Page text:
In honor of World Prematurity Day...
In honor of World Prematurity Day, and #sciencefriday, I want to teach about a special part of our population that does not get much recognition: the Late Pre-term Infant.
Late Pre-Term Infants
Did you know that the average pre-term births in the United States is 450,000 per year? Of those, 75% are considered Late Pre-Term.1
A Late Pre-Term infant or “LPT” is defined as children born between 34 0/7 weeks and 36 6/7 weeks gestational age.1,2 Late pre-term infants are a highly at risk population for:
poor active movement
insufficient and slow brain growth and development3-7
The differences in LPT development compared to full-term peers:
1. Smaller Brain Size7
Decreased Cerebellar size (coordination center of the brain)
Decreased brainstem development (control center of functions such as breathing, swallowing, heart rate, blood pressure, ect)
Internal and external changes in the baby’s environment, stimulation, pain, and the inability to self regulate
Increases in Cortisol hormone: This hormone is released in presence of stress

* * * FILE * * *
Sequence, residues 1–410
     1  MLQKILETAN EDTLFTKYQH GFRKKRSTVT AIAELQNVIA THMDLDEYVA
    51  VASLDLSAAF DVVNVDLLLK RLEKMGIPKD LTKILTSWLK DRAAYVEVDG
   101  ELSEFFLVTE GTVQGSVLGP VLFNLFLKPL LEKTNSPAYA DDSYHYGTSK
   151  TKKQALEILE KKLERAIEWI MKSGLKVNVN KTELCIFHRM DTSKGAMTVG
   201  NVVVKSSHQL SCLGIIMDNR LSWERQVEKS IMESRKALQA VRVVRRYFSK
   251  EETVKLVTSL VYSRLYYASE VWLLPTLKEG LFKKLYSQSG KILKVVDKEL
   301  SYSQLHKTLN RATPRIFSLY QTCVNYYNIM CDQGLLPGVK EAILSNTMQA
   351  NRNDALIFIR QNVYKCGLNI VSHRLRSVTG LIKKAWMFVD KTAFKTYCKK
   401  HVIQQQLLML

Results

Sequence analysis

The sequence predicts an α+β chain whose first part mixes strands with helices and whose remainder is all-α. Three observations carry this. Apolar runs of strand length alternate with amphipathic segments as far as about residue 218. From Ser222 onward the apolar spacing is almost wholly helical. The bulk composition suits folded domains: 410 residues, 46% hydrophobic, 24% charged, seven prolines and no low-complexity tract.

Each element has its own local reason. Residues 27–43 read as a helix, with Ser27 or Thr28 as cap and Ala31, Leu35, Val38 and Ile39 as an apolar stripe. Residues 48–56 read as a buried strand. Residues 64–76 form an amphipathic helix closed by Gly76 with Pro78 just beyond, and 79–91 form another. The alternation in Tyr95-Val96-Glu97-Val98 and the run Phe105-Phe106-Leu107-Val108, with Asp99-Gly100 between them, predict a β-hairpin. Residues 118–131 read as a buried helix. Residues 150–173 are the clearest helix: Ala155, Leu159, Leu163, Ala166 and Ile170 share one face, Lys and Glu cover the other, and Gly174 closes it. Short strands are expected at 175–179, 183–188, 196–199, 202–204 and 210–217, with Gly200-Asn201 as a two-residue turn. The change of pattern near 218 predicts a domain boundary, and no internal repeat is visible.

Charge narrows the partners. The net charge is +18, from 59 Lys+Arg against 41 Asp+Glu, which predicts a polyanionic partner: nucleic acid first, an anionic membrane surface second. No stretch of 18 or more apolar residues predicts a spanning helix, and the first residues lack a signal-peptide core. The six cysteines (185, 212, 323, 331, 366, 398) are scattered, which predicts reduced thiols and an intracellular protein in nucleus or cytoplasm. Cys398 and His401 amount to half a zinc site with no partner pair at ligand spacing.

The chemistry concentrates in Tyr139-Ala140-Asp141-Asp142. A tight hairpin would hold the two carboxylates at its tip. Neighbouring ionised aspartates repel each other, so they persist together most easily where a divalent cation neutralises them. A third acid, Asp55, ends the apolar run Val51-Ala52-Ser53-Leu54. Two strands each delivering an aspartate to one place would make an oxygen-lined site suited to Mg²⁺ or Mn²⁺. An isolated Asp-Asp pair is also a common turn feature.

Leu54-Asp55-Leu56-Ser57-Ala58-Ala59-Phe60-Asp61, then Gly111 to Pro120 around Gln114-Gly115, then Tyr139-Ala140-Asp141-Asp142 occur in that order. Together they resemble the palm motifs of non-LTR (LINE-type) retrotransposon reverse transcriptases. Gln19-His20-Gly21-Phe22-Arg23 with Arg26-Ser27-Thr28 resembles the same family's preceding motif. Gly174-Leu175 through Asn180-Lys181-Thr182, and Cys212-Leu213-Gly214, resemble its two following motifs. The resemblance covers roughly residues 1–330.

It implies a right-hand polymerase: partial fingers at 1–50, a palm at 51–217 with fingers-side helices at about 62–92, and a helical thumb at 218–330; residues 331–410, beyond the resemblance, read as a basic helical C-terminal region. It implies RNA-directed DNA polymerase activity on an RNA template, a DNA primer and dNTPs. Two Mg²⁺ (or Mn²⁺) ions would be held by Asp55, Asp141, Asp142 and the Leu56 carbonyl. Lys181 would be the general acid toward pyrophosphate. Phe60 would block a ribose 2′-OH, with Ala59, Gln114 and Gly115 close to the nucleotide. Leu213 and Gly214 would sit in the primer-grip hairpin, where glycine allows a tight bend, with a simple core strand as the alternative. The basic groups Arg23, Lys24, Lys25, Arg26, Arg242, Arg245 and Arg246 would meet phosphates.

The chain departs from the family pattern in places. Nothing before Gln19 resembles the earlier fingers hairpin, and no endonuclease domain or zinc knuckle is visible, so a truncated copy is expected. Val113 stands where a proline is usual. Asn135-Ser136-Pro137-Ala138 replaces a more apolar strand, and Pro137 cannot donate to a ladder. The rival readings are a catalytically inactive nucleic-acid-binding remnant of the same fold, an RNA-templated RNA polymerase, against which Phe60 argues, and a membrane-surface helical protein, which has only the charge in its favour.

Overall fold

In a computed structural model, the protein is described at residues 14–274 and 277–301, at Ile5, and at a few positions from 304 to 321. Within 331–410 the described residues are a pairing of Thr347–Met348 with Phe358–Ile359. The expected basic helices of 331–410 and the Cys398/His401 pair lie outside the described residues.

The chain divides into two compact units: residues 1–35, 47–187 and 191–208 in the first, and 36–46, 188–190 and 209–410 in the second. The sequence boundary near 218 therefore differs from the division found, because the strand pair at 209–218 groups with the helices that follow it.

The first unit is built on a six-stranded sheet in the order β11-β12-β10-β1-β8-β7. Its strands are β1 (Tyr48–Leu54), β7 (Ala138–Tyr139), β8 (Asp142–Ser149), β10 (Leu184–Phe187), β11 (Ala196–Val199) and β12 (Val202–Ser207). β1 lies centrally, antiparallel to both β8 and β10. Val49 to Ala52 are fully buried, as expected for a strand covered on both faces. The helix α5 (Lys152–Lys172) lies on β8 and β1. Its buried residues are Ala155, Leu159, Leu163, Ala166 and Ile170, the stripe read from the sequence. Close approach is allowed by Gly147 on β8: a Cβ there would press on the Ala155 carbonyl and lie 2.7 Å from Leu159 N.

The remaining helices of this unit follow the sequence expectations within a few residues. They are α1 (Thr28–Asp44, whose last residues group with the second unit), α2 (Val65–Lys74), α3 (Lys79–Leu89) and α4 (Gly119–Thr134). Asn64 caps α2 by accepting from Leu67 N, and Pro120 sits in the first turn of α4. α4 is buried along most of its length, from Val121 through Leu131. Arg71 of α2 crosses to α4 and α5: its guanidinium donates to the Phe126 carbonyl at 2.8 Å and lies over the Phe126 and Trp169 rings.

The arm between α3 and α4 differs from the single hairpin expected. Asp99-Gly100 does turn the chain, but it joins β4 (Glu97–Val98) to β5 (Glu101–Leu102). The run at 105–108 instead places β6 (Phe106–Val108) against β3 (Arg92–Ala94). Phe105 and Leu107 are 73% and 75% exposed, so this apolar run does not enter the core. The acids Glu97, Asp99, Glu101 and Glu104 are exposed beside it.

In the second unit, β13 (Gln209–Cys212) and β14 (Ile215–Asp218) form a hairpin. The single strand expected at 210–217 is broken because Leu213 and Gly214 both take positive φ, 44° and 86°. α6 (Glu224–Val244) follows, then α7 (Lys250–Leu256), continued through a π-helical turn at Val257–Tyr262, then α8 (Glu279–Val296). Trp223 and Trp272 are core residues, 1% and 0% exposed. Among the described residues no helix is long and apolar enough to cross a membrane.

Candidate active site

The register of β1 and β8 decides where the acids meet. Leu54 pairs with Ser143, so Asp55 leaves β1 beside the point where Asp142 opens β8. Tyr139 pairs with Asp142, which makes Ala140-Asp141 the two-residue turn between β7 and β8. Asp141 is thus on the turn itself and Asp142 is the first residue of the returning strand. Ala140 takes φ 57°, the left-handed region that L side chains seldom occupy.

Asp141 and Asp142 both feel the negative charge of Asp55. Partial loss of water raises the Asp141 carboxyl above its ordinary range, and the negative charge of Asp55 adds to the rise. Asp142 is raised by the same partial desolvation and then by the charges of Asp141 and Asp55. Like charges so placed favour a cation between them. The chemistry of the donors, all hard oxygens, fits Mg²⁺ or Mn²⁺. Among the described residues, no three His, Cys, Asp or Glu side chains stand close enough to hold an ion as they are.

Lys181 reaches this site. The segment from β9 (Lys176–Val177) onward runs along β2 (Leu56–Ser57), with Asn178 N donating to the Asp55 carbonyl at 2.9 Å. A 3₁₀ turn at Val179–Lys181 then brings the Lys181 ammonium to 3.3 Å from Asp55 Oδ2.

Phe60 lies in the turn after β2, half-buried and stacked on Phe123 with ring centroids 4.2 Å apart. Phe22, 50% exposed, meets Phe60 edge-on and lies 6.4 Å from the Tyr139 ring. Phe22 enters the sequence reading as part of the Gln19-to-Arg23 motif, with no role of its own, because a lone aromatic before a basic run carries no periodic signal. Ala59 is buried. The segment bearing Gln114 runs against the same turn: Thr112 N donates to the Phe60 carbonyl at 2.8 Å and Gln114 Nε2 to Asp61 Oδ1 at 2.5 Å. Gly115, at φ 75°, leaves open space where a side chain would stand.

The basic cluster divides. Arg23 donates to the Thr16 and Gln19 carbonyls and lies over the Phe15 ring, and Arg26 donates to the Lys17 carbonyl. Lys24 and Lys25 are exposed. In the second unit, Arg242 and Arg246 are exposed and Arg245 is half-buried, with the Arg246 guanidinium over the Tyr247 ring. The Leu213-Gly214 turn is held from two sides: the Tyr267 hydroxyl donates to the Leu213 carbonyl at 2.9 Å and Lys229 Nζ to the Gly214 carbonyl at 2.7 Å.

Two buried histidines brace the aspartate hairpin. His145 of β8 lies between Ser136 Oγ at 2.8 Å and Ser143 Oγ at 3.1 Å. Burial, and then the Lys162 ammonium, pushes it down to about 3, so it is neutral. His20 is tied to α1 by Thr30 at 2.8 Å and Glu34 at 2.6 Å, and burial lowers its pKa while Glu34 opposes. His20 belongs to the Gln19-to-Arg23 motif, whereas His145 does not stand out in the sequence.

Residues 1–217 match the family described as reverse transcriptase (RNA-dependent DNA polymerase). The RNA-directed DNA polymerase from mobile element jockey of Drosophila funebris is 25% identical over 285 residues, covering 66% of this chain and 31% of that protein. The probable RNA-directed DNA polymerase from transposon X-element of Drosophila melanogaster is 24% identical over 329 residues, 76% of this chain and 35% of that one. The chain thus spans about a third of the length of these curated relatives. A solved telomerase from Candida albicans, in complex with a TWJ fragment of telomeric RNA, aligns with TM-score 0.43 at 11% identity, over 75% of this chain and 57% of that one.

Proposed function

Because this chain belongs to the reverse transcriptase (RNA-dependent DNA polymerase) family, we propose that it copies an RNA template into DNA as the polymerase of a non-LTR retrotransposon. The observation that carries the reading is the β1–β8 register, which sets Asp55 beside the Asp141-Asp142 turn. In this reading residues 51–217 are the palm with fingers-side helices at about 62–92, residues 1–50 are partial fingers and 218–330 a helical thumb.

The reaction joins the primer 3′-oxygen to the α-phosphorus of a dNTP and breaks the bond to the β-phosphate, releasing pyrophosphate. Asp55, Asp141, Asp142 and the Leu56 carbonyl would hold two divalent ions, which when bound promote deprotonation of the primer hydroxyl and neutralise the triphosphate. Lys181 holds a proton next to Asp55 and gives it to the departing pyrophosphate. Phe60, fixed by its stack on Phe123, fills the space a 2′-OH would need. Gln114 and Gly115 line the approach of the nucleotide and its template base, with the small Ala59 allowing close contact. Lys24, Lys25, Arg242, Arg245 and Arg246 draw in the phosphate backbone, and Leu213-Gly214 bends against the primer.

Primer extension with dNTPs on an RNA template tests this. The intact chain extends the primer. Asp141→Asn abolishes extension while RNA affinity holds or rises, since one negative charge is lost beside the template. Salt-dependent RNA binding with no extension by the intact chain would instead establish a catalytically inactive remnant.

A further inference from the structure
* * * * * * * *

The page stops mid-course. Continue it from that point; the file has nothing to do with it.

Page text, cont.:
How does high Cortisol levels effect the developing brain?
- Contributes to functional limitations in learning and memory due to hippocampus damage (part of the brainstem)
- Alters gene expression patterns which correlates with: changes in stress regulation, decreases in nerve conduction speeds, increases in the link for physical and mental disorders
3. Movement Pattern Differences6
I learned in a conference that if you have a camera and took one picture per second of a full-term infant for 60 seconds, all 60 pictures would be different. These full-term babies move in a variety of patterns and rarely repeat the same movements. On the other hand, LPT infants demonstrate “non-variable” movement patterns that may be slow and repetitive which stifles their neurological and musculoskeletal growth
Why do we care?
Currently, there is strong scientific evidence supporting pediatric physical therapy with preterm infants to improve motor skills and brain development.8,9 It is important for the community to be aware of the fragility of the Late Pre-Term population as well as possible implications for therapy interventions focused on developmental goals including nervous system stability, posture and movement, state regulation, and active engagement with caregivers10.